Undocumented Immigrants: Facts and Figures

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Posted to Web: January 12, 2004
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The nonpartisan Urban Institute publishes studies, reports, and books on timely topics worthy of public consideration. The views expressed are those of the authors and should not be attributed to the Urban Institute, its trustees, or its funders.

Support for this fact sheet was provided by the Annie E. Casey Foundation and the Hitachi Foundation.

Note: This report is available in its entirety in the Portable Document Format (PDF).


The Bush administration and members of Congress have proposed granting temporary legal status to undocumented immigrant workers currently residing in the United States. Below are some basic descriptive data on the undocumented population, particularly from "A Profile of the Low-Wage Immigrant Workforce" and "The Dispersal of Immigrants in the 1990s":

NUMBERS, ORIGINS, AND DESTINATIONS

  • Total number: Our best estimate, based on the March 2002 Current Population Survey and other data sources, is that there are 9.3 million undocumented immigrants in the country.1 They represent 26 percent of the total foreign-born population [figure 1].
  • Countries of origin: Mexicans make up over half of undocumented immigrants—57 percent of the total, or about 5.3 million. Another 2.2 million (23 percent) are from other Latin American countries. About 10 percent are from Asia, 5 percent from Europe and Canada, and 5 percent from the rest of the world.
  • Distribution by state: Almost two-thirds of the undocumented population lives in just six states: California (26 percent), Texas (12 percent), Florida (10 percent) New York (8 percent), Illinois (4 percent), and New Jersey (4 percent) [table 1]. But, the most rapid growth in the undocumented population since the mid-1990s has been outside these states.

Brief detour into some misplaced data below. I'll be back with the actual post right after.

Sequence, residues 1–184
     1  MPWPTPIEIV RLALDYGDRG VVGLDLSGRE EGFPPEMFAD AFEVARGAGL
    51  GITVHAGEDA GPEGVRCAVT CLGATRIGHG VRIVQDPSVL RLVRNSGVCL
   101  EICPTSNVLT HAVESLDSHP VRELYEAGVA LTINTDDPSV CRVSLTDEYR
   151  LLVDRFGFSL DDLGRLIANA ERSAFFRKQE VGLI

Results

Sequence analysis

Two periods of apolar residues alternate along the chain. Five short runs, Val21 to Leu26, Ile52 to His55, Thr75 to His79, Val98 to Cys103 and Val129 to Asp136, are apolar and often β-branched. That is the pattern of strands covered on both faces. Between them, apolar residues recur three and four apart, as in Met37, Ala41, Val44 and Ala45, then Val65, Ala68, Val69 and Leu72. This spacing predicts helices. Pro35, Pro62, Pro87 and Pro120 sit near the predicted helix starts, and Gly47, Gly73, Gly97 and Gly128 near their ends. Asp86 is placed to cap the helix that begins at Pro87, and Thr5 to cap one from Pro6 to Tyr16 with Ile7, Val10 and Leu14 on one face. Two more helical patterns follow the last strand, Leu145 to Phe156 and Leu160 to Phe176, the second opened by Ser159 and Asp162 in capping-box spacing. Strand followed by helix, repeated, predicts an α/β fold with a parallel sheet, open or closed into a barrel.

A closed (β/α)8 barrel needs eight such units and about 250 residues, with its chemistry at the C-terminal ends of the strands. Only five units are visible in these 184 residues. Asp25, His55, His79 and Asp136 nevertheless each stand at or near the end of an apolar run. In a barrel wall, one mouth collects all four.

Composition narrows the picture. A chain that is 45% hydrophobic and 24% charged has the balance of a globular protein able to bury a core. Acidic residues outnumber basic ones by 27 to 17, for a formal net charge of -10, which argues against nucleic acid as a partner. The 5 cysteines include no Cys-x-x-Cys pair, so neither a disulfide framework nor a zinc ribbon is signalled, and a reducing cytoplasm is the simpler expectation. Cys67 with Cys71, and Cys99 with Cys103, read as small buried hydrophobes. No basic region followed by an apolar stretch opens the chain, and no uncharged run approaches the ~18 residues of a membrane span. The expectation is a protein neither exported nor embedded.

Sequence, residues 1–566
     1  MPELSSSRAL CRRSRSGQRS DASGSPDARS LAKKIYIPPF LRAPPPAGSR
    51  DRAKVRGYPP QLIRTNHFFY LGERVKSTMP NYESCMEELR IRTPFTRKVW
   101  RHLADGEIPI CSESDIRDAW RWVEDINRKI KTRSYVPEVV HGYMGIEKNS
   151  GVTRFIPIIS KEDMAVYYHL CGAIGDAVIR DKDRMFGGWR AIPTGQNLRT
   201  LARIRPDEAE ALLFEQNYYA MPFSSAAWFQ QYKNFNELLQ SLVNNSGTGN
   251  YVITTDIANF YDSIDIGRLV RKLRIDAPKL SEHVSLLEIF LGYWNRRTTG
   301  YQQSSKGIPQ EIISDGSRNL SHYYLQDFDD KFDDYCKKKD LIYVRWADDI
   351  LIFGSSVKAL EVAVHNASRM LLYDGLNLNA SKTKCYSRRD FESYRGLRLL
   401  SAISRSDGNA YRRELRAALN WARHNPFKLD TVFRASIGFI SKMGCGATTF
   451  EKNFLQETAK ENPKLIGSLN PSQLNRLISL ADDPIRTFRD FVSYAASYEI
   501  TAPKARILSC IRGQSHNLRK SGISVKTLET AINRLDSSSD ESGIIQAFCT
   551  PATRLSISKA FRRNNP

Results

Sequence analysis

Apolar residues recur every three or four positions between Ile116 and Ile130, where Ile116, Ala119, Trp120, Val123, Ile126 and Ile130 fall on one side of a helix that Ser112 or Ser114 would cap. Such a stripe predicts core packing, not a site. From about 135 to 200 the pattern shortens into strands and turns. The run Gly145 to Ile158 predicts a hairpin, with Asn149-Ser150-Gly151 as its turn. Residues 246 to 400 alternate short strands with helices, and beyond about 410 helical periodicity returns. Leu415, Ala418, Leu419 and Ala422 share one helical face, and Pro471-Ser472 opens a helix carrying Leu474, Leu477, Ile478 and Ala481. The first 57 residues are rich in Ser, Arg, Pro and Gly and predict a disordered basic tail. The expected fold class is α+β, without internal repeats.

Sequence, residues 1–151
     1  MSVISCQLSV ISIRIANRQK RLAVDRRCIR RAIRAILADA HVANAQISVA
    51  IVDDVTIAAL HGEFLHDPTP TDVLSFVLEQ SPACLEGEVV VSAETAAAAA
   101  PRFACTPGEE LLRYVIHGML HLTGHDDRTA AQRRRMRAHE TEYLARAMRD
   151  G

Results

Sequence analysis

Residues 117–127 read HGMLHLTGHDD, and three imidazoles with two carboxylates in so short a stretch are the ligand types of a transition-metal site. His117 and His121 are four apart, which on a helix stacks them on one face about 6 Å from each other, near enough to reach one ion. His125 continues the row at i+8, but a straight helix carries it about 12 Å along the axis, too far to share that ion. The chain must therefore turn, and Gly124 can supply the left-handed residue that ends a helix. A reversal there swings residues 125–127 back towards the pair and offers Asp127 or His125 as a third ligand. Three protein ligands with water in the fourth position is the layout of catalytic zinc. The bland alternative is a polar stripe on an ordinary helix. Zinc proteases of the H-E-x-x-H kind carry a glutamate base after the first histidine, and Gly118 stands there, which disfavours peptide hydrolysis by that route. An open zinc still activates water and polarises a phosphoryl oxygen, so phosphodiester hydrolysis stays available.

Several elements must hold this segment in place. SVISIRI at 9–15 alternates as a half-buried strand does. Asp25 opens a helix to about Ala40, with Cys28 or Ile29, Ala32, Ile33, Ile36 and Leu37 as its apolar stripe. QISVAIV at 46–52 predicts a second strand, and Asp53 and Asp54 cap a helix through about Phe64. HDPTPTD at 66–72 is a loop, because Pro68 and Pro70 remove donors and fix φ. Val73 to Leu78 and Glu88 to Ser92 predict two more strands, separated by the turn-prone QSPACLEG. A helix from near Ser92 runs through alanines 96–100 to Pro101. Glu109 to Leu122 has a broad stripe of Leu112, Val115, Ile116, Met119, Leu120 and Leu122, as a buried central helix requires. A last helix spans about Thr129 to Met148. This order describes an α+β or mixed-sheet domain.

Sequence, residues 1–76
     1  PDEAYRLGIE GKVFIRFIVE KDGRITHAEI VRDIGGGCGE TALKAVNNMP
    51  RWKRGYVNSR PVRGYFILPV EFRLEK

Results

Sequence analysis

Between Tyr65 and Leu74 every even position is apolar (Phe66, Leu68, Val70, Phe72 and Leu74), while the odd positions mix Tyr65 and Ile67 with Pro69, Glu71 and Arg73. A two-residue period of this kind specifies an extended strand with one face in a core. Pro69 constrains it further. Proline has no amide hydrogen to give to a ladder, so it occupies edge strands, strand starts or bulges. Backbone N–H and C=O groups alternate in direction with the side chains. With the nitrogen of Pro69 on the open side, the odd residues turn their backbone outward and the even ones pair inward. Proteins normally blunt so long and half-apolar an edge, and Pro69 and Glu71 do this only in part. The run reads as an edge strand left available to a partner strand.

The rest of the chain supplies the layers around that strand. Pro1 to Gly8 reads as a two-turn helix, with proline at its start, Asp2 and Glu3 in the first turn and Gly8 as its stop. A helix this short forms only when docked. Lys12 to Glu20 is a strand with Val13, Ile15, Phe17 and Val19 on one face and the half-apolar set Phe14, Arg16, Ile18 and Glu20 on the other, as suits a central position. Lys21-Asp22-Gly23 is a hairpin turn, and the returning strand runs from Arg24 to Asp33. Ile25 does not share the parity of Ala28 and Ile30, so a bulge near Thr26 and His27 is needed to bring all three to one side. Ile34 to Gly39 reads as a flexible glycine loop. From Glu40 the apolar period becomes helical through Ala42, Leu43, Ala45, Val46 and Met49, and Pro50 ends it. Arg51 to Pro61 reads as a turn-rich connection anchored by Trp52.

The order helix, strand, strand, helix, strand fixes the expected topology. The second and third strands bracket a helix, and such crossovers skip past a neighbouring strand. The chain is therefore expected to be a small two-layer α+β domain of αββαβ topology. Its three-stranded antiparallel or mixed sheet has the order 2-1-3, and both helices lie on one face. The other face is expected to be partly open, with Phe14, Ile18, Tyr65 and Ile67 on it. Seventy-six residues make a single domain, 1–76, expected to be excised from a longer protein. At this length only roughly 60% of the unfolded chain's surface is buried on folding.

• States where the undocumented represent high shares of the immigrant population: The undocumented make up more than 40 percent of the foreign-born population in 10 states—most of which saw their foreign-born populations grow rapidly during the 1990s. High-growth regions are the Rocky Mountains, the Midwest, and the Southeast. The undocumented populations of Arizona, Georgia, and North Carolina have grown so rapidly that they may already have surpassed New Jersey's [figure 2].

LABOR FORCE

  • Number of undocumented persons in the labor force: About 6 million undocumented are working—representing about 5 percent of U.S. workers. This group is potentially eligible for temporary legal status under the Bush administration's plan.
  • Labor force participation of undocumented immigrants: Virtually all undocumented men are in the labor force. Their labor-force participation rate (96 percent) exceeds that of men who are legal immigrants or who are U.S. citizens because undocumented men are younger and less likely to be disabled, retired, or in school.

    Undocumented women are less likely to be in the labor force (62 percent) than undocumented men or than women who are U.S. citizens. One reason is that proportionately more undocumented women are of childbearing age, and undocumented women are more likely than U.S. citizens to have children and remain in the home.